So instead, organisations focus on asking staff what makes them happy without any developed understanding of what constitutes a “happy” workforce. Let’s make it clear that a happy workforce is not based on meeting the personal needs of every individual. Attempts to placate individuals will always result in the opposite; When the promised delivery of a personal need is not met, as perceived by the staff member, job dissatisfaction, stress, claims of depression and sick leave increases.
The research on what constitutes a “happy” workforce consistently identifies two key contributing factors: staff experiencing a sense of achievement and staff having a sense of connection with their peers. It was not about having any of their personal needs fulfilled.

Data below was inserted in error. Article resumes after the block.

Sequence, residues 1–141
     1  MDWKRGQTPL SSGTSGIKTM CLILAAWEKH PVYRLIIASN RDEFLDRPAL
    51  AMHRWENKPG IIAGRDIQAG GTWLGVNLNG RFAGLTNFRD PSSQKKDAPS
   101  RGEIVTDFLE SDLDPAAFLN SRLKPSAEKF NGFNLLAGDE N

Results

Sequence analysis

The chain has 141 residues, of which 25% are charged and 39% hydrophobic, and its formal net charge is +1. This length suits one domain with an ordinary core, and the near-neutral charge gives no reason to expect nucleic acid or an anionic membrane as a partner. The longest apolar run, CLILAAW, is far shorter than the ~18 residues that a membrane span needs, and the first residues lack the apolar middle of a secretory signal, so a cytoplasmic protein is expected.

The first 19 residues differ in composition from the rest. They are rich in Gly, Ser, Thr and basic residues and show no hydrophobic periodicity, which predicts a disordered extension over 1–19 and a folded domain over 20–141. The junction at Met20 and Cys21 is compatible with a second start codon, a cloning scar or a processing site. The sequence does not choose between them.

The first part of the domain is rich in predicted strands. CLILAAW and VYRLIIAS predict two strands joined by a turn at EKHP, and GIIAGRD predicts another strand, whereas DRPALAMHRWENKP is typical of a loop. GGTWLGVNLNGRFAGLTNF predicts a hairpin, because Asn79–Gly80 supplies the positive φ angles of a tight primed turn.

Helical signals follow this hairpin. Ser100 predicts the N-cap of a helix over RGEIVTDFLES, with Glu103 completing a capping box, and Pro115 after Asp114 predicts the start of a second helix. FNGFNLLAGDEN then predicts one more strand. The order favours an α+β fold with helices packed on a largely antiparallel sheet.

So, I leave you with this
Organisations suffering from highly personalised cultures require their leadership to facilitate a shift in their cultural direction. This change in direction needs to focus staff on holding one another accountable for the positive demonstration of behaviours, which help everyone achieve and connect with both the organisation’s workforce and purpose. Happiness and wellbeing will automatically follow.
You cannot mature an organisation to be ready to hold one another accountable: holding one another accountable is what matures an organisation. Therefore, to realise a happy, connected, achievement orientated workplace culture requires a cultural disruption and reset: an accountable workforce.